Foreclosures aren’t abating even as demand is returning to the U.S. housing market after a three-year slump. The number of contracts to buy previously owned homes rose more than forecast in July and increased for a record sixth consecutive month, while mortgage buyer Freddie Mac said the average price rose 1.7 percent in the second quarter.
Nevada Leads
Nevada had the highest foreclosure rate in August, with one in every 62 households receiving a filing, even with an 8.4 percent decrease in foreclosures from July, RealtyTrac said. August filings were up 53 percent from a year earlier, with 17,902 Nevada properties receiving a foreclosure filing.
The second-highest foreclosure rate in August was recorded in Florida, with one in every 140 households receiving a filing, followed by California, where one in 144 households received a foreclosure filing.
A 9.6 percent month-to-month decrease in filings helped lower Arizona’s foreclosure rate to fourth-highest in August from third-highest in July, RealtyTrac said. One in every 150 Arizona households received a foreclosure filing last month, still more than twice the national average, the company said.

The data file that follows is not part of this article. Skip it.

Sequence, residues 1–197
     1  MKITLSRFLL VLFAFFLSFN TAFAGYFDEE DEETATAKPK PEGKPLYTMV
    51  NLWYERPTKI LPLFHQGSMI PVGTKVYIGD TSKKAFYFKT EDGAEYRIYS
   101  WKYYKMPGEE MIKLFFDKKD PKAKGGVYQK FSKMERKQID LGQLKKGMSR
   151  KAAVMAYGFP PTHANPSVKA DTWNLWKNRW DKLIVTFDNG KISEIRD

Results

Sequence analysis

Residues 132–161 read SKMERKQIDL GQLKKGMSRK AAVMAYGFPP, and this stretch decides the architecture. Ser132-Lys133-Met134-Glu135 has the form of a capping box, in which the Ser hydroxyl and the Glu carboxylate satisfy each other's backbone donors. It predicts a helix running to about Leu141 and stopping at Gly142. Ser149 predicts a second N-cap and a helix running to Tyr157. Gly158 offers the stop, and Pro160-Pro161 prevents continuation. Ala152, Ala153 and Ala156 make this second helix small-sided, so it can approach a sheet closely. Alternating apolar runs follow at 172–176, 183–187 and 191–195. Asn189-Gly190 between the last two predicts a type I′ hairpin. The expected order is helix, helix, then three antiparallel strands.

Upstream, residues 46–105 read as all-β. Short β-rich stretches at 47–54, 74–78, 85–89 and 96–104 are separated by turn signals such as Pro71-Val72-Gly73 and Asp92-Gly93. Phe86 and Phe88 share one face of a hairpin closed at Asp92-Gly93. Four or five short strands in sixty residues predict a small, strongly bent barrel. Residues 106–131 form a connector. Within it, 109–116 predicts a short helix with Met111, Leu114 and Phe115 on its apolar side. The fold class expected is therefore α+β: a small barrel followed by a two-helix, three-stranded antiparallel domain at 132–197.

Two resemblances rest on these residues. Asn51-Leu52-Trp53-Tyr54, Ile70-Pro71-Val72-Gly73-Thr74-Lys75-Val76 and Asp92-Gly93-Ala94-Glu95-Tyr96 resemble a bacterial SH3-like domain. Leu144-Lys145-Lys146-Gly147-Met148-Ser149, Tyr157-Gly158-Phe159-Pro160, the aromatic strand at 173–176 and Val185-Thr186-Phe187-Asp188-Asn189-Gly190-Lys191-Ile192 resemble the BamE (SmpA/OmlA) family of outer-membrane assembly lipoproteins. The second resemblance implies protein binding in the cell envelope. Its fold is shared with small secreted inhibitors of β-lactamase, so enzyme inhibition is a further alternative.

Forty-seven banks have begun 360,165 modifications through the U.S. government’s Making Home Affordable program, up from about 235,247 in July, the U.S. Treasury said in a report yesterday.
Mortgage Modifications
Bank of America Corp. and Wells Fargo & Co., among the worst performers of banks in the foreclosure-prevention plan, stepped up their pace of mortgage modifications by at least 60 percent last month. Bank of America more than doubled its number of modifications started to 59,891 in August from July, while Wells Fargo increased by 64 percent to 33,172.
While the loan revamps may prevent some foreclosures, many homeowners facing repossession have prime loans, mortgages considered less risky than the subprime loans blamed for much of the housing crash, and can’t make their payments because of job losses, said Richard K. Green, director of the University of Southern California Lusk Center for Real Estate.